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Learn about planets outside our solar system through Exoplanets and Alien Solar Systems by Tahir Yaqoob, Ph.D., a book in our online store book collection.
One day on Mercury equals 176 Earth days. This drawing shows how a specific location (yellow line) on Mercury changes the direction it faces relative to the Sun during two orbits. Notice that the point takes two orbits (88 earth-days each), to return to its original position.
Image from: NASA

Mercury's Orbital Resonance

It takes Mercury about 59 Earth days to spin once on its axis (the rotation period), and about 88 Earth days to complete one orbit about the Sun. However, the length of the day on Mercury (sunrise to sunrise) is 176 Earth days. How can this happen? The figure shows the path of Mercury about the Sun with a mark indicating the same spot on the surface of the planet at different times in the orbit. A point initially pointing toward the Sun will point in the same direction after one rotation (59 days or 2/3 of the orbital period), but that point will no longer be directed toward the Sun. It takes three rotations of the planet during two orbits of the planet about the Sun, or 88 x 2=176 days, for the mark to get back to the same position.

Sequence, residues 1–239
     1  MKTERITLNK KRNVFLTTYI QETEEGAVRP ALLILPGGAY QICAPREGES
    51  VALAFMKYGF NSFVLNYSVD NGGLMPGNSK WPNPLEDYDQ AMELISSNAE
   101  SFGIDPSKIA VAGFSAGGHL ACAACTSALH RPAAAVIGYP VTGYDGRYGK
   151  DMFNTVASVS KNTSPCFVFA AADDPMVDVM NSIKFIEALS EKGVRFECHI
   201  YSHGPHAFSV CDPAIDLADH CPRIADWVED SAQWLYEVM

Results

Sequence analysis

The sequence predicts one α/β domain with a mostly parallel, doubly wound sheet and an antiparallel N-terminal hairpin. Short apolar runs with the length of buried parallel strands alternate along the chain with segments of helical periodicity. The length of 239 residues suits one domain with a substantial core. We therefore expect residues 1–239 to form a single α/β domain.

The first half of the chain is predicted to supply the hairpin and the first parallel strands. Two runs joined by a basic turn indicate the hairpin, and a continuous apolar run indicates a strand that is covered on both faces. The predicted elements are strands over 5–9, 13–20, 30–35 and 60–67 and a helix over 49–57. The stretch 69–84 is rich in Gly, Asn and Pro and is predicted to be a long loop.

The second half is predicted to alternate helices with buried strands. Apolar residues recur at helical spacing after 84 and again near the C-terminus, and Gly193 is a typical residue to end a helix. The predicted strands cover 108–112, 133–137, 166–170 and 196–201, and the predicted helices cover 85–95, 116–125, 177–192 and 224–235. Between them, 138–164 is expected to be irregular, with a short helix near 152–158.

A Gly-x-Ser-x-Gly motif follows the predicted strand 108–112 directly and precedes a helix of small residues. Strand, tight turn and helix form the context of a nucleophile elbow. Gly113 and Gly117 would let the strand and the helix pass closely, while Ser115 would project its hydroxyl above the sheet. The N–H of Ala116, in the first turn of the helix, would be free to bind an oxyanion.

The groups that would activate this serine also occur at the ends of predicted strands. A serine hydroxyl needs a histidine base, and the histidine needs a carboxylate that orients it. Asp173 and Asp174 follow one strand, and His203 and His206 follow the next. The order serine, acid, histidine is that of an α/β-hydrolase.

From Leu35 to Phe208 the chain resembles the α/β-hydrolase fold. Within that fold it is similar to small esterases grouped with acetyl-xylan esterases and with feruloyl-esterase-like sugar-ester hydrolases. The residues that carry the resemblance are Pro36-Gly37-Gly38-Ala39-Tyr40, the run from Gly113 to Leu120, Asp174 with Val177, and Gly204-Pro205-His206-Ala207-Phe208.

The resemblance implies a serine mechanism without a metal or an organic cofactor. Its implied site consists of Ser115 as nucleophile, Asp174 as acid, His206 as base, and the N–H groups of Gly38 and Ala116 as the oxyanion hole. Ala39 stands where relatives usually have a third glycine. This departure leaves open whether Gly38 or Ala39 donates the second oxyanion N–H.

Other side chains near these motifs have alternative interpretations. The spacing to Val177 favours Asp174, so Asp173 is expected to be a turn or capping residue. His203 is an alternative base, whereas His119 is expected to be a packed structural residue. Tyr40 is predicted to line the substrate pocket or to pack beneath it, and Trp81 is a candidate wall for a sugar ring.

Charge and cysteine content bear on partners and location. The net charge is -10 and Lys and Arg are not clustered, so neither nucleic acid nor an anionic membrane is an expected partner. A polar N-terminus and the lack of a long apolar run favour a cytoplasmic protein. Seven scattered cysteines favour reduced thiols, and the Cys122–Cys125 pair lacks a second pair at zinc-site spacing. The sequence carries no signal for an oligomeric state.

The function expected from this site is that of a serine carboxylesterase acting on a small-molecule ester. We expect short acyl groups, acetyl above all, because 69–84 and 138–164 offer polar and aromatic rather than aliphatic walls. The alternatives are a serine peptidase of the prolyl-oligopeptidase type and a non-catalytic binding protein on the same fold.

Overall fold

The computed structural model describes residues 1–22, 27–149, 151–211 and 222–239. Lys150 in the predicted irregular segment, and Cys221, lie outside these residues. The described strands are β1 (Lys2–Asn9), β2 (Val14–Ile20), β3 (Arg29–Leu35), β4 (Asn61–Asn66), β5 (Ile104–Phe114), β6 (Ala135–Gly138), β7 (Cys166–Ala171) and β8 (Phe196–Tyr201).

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Windows to the Universe, a project of the National Earth Science Teachers Association, is sponsored in part is sponsored in part through grants from federal agencies (NASA and NOAA), and partnerships with affiliated organizations, including the American Geophysical Union, the Howard Hughes Medical Institute, the Earth System Information Partnership, the American Meteorological Society, the National Center for Science Education, and TERC. The American Geophysical Union and the American Geosciences Institute are Windows to the Universe Founding Partners. NESTA welcomes new Institutional Affiliates in support of our ongoing programs, as well as collaborations on new projects. Contact NESTA for more information. NASA ESIP NCSE HHMI AGU AGI AMS NOAA